Caithness energy firm relaunches on and offshore services

6th September 2013 from John O'Groat Journal

Expanding Thurso-based renewable energy consultancy, Caithness Renewables Ltd, will be exhibiting at a marine energy conference in Inverness this month to publicise the launch of its newly rebranded services for developers and their supply chain.

The Scottish Renewables Marine Conference brings together leading marine energy figures, investors and academics.

Caithness Renewables will be using the opportunity to speak to existing and potential new customers about its new services Offergy, its offshore energy services for marine energy developers and the offshore wind supply chain, and Onergy, the equivalent onshore energy service looking at onshore wind, biomass, micro-renewables and sustainability.

Juvenal Dufaur, a marine engineer who recently joined the firm, specialises in tidal currents and oceanography, and is heading up the Offergy team. Offergy will include the work streams which bring benefit to the offshore energy industry such as development and regeneration plans for ports and harbours looking at servicing marine energy and offshore wind developments around Scotland’s coastlines, logistics and supply chain analysis.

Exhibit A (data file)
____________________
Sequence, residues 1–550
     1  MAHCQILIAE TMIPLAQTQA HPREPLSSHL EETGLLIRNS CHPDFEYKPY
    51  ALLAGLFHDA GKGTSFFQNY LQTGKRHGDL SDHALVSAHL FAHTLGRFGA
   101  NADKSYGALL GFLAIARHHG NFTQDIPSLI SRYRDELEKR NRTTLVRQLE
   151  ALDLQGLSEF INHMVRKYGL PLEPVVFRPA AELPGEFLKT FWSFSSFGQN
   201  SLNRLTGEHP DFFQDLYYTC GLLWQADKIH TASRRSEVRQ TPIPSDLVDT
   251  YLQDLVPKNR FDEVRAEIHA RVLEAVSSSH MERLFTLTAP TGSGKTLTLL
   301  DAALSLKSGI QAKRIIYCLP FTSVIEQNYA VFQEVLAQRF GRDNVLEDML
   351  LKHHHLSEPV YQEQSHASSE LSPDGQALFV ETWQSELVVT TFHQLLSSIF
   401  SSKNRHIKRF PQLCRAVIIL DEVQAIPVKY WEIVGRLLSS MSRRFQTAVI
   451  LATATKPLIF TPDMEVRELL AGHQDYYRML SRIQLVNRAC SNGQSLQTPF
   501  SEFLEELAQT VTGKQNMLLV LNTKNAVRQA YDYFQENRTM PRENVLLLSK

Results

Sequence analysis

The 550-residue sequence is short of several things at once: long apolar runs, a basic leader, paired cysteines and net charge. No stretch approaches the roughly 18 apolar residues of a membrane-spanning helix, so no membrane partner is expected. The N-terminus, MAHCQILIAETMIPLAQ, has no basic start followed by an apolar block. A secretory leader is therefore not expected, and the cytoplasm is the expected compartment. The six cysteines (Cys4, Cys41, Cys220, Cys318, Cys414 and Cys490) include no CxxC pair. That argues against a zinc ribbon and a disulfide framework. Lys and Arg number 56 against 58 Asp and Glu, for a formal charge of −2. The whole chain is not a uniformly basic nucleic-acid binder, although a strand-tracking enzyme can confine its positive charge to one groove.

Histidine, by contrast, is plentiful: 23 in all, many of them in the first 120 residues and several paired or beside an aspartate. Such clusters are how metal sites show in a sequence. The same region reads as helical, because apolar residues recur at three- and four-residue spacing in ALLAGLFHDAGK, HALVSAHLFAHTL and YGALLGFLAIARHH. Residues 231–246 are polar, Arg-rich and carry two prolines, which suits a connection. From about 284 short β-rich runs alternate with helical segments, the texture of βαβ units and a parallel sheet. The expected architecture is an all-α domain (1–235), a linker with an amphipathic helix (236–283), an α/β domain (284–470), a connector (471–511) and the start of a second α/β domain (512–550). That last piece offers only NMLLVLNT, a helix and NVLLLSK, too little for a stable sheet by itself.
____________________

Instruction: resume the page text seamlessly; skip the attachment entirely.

The Onergy work is led by Eilidh Gunn, who deals with onshore renewable energy projects and micro-renewables for households, businesses and communities.

Attendance at national events such as this is important to companies looking to build a sustainable future in renewables for their business and this will be the third year in which Caithness Renewables has exhibited.

Director Louise Smith said: “Our commitment to offshore energy around our coastlines and onshore energy across the region is embodied in our decision to launch these complementary Offergy and Onergy consultancy services.

“We have recently grown the business based in the increasing level of interest from developers in our unique skills and industry knowledge.”

Dan Pearson, CEO of MeyGen, the tidal energy developer awaiting consent for its innovative energy generation scheme in the Inner Sound of the Pentland Firth, commented on the restructure.

“The north of Scotland is currently a hotbed of renewable energy activity - being able to offer local consultancy services to the more established forms of energy generation onshore, as well as the exciting emerging marine energy sector, is a critical component to developing the Caithness expertise and supply chain,” he said.

“We’re keen to see this and are encouraged by Caithness Renewables’ focus and growth.”

Eann Sinclair, programme manager for the Caithness and North Sutherland Regeneration Partnership, a public sector partnership with a remit to address socio-economic development in the north, added: “It’s good to see Caithness Renewables further developing the services that they offer in this way.

“One of the area’s great strengths is having the right people at the right time in the right place: Caithness Renewables has demonstrated the value of our existing skills base and its role in attracting new talent to live and work in the north. Their employment of an oceanographer looks set to contribute to commercial success and further growth in the renewable energy sector.

“We look forward to further positive news from the company in the coming months.”

John O'Groat Journal:

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